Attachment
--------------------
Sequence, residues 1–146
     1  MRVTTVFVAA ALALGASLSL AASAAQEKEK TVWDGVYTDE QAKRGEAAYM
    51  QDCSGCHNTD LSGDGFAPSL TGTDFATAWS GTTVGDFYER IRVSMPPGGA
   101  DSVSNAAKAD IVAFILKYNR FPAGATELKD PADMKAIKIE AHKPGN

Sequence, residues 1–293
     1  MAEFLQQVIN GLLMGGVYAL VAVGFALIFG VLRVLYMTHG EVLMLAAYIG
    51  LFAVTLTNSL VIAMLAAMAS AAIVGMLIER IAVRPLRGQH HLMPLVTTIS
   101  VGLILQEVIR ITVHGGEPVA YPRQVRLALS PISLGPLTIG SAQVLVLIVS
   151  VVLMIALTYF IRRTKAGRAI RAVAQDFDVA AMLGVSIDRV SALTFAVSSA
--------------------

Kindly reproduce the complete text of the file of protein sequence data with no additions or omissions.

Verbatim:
Sequence, residues 1–146
     1  MRVTTVFVAA ALALGASLSL AASAAQEKEK TVWDGVYTDE QAKRGEAAYM
    51  QDCSGCHNTD LSGDGFAPSL TGTDFATAWS GTTVGDFYER IRVSMPPGGA
   101  DSVSNAAKAD IVAFILKYNR FPAGATELKD PADMKAIKIE AHKPGN

Sequence, residues 1–293
     1  MAEFLQQVIN GLLMGGVYAL VAVGFALIFG VLRVLYMTHG EVLMLAAYIG
    51  LFAVTLTNSL VIAMLAAMAS AAIVGMLIER IAVRPLRGQH HLMPLVTTIS
   101  VGLILQEVIR ITVHGGEPVA YPRQVRLALS PISLGPLTIG SAQVLVLIVS
   151  VVLMIALTYF IRRTKAGRAI RAVAQDFDVA AMLGVSIDRV SALTFAVSSA